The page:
Traumatized people who take a class of common blood pressure medications tend to have less severe post-traumatic stress symptoms, researchers have found.
The finding suggests that ACE (angiotensin converting enzyme) inhibitors or ARBs (angiotensin receptor blockers) could be valuable tools for treating or preventing post-traumatic stress disorder.
The results were published online May 1 in the Journal of Clinical Psychiatry.
"These results are particularly exciting because it's the first time ACE inhibitors and ARBs have been connected to PTSD, and it gives us a new direction to build on," says senior author Kerry Ressler, MD, PhD, associate professor of psychiatry and behavioral sciences at Emory University School of Medicine and a researcher at Yerkes National Primate Research Center.
"These data come from an observational study, not a randomized clinical trial, so it is important to limit our interpretation until larger, placebo-control, double-blinded trials can be performed. Still, they provide evidence from a human population that could be followed up in a rigorous controlled trial. This class of medications has been widely prescribed for hypertension for years and their safety profiles are well known, so our results could be translated into action relatively quickly."
The findings emerge from the Grady Trauma Project, an observational study of more than 5,000 low-income Atlanta residents with high levels of exposure to violence and physical and sexual abuse, resulting in high rates of civilian PTSD.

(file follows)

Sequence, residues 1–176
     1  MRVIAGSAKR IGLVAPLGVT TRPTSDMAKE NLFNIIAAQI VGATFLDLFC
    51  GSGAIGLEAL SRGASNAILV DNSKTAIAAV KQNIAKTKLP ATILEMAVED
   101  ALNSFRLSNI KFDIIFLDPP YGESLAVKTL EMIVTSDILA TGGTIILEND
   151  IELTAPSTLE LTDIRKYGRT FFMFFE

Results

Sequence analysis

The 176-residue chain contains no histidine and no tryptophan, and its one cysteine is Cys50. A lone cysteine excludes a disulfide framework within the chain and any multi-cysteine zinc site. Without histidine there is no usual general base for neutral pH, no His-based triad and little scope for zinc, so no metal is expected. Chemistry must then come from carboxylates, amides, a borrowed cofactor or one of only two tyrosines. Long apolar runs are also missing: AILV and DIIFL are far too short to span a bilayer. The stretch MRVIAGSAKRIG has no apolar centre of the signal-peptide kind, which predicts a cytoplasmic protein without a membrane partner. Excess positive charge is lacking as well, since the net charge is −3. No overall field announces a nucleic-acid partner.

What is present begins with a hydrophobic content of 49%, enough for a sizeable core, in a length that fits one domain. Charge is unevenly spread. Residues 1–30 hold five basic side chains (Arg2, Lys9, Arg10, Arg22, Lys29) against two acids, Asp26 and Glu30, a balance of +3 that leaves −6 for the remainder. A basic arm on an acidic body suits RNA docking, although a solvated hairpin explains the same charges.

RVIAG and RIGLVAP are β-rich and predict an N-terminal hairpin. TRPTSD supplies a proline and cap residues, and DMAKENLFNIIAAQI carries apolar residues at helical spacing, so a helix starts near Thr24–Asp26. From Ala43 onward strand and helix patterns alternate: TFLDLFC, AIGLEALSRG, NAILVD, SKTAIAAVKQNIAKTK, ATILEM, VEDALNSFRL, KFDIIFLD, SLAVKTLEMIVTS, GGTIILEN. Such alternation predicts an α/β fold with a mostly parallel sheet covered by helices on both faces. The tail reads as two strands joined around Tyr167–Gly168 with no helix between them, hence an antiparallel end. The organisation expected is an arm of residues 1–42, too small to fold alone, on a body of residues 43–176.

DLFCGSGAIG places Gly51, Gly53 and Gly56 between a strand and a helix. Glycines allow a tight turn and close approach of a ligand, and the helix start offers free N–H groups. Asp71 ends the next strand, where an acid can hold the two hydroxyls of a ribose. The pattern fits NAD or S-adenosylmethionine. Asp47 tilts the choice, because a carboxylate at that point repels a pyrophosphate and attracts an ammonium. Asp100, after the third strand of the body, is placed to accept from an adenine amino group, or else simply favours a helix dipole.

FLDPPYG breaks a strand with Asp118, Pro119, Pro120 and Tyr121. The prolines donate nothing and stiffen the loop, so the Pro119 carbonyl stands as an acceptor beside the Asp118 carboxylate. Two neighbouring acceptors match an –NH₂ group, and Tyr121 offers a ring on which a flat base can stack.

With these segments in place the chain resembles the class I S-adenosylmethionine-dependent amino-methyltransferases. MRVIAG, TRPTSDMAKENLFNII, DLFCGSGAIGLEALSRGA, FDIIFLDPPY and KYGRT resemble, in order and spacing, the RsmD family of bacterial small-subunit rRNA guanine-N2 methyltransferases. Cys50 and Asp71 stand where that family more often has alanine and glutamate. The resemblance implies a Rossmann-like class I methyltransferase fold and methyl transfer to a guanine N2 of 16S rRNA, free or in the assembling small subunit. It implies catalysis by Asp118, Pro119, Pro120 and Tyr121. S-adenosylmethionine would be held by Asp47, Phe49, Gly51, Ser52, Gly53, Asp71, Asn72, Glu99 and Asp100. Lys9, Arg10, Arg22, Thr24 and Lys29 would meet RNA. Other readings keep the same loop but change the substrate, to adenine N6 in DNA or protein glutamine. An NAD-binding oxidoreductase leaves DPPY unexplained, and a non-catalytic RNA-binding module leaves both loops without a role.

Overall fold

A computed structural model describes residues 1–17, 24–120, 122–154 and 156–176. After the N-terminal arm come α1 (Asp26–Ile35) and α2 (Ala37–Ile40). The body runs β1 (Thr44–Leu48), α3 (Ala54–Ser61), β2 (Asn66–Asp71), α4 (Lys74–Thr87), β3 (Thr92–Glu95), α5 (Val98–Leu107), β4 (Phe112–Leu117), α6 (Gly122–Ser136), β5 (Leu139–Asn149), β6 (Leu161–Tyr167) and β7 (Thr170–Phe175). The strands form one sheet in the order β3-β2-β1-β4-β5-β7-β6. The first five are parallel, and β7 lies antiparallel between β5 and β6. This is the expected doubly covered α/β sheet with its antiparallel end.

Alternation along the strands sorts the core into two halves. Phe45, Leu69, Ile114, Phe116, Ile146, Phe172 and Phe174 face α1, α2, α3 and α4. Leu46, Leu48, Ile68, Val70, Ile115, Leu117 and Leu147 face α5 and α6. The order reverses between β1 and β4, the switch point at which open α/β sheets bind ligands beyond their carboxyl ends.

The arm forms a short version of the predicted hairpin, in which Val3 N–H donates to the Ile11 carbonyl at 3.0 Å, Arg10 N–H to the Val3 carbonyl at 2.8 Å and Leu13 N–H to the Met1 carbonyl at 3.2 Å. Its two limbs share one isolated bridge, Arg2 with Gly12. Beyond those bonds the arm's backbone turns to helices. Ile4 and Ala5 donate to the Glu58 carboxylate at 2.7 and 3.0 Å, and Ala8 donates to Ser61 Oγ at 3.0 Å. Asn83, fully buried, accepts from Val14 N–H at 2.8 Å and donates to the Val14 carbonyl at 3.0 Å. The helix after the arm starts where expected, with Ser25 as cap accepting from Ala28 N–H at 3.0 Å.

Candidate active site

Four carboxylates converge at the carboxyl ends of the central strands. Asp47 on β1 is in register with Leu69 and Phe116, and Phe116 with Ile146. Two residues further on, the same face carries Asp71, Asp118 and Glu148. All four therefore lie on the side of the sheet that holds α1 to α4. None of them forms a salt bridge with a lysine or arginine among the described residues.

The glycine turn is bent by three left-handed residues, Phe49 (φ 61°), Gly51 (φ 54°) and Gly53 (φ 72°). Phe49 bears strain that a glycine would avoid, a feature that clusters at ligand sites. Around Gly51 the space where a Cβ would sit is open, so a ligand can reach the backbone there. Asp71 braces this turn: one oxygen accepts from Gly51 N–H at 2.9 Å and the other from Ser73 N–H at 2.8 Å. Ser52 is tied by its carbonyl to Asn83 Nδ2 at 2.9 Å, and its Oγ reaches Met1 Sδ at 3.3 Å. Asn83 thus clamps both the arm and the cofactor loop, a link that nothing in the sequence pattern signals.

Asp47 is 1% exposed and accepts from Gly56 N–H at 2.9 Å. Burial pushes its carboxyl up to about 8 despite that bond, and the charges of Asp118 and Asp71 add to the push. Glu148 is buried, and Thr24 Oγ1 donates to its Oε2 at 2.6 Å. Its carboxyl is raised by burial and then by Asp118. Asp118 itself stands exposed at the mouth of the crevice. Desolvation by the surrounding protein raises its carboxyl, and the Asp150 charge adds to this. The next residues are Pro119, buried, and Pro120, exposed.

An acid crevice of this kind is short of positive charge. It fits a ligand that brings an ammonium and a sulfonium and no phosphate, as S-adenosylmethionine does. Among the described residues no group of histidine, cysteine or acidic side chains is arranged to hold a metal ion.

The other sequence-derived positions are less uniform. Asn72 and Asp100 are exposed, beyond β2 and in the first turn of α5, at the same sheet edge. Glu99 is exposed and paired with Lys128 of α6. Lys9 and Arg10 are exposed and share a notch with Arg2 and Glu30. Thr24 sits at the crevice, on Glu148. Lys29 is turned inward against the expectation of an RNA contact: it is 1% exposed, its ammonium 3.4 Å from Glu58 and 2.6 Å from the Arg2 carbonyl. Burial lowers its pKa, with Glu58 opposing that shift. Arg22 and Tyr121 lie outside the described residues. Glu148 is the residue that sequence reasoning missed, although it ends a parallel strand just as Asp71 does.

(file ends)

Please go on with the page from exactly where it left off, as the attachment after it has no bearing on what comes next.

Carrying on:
All 505 participants in this study were exposed to at least one traumatic event, and around 35 percent of them (180) met the criteria for diagnosis with PTSD. Out of 98 participants taking ACE inhibitors or ARBs, generally for the primary purpose of blood pressure control, 26 had a PTSD diagnosis.
People with PTSD can experience three types of symptoms: hyperarousal, avoidance/numbing, and intrusive thoughts. All the participants in the study reported how often they experienced these symptoms and the responses were compiled into a PTSD symptom score.
Patients taking ACE inhibitors or ARBs had an approximately 30 percent decrease in PTSD symptom scores, but no significant differences were apparent for those taking other blood pressure medications, including beta-blockers, calcium channel blockers, and diuretics. In particular, individuals taking ACE inhibitors or ARBs tended to have lower levels of hyperarousal and intrusive thoughts.
The results underline the physiological basis for the body's stress responses in PTSD, and links to blood pressure regulation. Both ACE inhibitors and ARBs interfere with angiotensin II, a hormone that regulates blood pressure. Ressler says his laboratory has begun investigating the role of angiotensin II in mice, in regions of the brain known to be important for stress and fear responses, such as the amygdala and bed nucleus of the stria terminalis. These data suggest that this class of medication may both decrease the body's physiological response to stress in the cardiovascular system as well as decrease the brain's response to stress.
The negative finding with beta blockers was somewhat surprising, Ressler says. Some musicians and athletes take beta blockers to relieve performance anxiety symptoms, and some early clinical studies have examined whether they can be used to treat PTSD. Beta blockers diminish the body's response to the stress hormones norepinephrine and epinephrine.
"Beta blockers did appear to have a trend toward an effect, but the effects of the angiotensin medications were stronger, and when people in our study took both, only the angiotensin medications survived statistical analysis" Ressler says. "Beta blockers may be useful in the moment for decreasing social or performance anxiety, but their efficacy in PTSD treatment is still an open question."